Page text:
Fix milk crisis, Joyce tells WA
Federal Agriculture Minister Barnaby Joyce is pressuring the WA Government to come up with a long-term solution for the crisis building in the WA dairy industry, amid revelations Canberra and the State Government considered a plan to use taxpayer funds to sell excess milk to Asia.
It comes as a handful of farmers face investigation for dumping milk into drains after processors took the unprecedented step of refusing to take their product.
Mr Joyce toldThe West Australian the Federal Government was willing to partly fund ways to deal with the oversupply of milk, but the State Government must play a role.
“The Deputy Prime Minister was willing to consider proposals put forward by the Western Australian dairy industry to support the long-term strength of the industry,” a spokeswoman for Mr Joyce said.
“The position of the Western Australian Government would be important in any consideration of industry proposals.”
It is understood former State agriculture minister Dean Nalder met Federal Government officials in the weeks before he lost the portfolio to discuss taxpayers funding new infrastructure and marketing to sell excess WA milk to Asia.
New State Agriculture Minister Mark Lewis said he met Assistant Federal Agriculture Minister Anne Rushton three weeks ago to consider backing an “export-led solution”.
Mr Lewis said there were a number of commercial plans being worked on, including exporting WA-made UHT milk next year.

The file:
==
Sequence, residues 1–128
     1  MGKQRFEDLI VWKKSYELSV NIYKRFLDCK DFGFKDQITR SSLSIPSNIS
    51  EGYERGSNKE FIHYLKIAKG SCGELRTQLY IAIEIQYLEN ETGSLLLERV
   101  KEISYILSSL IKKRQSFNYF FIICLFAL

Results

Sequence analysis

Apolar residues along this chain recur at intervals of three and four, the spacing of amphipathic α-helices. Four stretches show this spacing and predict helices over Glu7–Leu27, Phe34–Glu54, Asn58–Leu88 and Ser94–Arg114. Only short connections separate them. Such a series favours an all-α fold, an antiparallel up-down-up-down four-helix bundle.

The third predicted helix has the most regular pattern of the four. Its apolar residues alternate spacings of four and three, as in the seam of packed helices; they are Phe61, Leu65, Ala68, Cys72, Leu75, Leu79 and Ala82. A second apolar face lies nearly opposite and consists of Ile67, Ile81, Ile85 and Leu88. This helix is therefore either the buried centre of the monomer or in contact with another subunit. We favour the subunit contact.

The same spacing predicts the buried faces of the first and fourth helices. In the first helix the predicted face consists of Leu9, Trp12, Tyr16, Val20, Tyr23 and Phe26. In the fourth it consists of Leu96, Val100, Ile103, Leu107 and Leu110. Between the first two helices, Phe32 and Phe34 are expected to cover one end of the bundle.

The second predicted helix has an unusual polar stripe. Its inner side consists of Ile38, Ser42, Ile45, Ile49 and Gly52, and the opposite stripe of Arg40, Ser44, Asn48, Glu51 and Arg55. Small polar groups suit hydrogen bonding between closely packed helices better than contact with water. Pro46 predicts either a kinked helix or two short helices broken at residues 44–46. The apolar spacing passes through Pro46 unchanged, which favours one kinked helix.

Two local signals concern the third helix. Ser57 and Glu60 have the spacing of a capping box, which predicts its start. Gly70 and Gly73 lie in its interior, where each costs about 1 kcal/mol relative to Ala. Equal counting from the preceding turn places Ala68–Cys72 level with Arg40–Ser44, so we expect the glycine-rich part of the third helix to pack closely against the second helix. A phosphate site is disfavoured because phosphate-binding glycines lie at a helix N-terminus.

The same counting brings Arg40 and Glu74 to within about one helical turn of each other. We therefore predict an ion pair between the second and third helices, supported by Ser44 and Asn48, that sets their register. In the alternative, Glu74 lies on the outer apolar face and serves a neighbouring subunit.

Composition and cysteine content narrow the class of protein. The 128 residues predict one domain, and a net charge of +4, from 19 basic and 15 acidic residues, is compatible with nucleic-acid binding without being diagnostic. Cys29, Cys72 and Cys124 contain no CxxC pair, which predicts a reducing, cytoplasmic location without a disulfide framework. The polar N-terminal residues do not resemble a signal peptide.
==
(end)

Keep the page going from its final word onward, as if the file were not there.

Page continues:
But the minister stressed the WA dairy industry was in good shape overall.
Three South West farmers have lashed out at milk processors and the State Government after they were left without supply contracts. The farmers had supplied to Brownes, owned by Sydney venture capital group Archer Capital.
Another five dairy farmers are likely to be left without contracts in January after deals with Harvey Fresh expire.
Industry figures say the State is awash with excess milk, with WA producing about 100 million litres a year more than is needed for local consumption.
WA Farmers dairy section president Michael Partridge accused Brownes of attempting to frighten farmers to drive prices down.
“I certainly believe this industry is in crisis,” he said.
Farmers have pointed to the possible re-establishment of a cheese making industry in WA as a solution to the oversupply. Almost all cheddar sold in WA is imported from the east.
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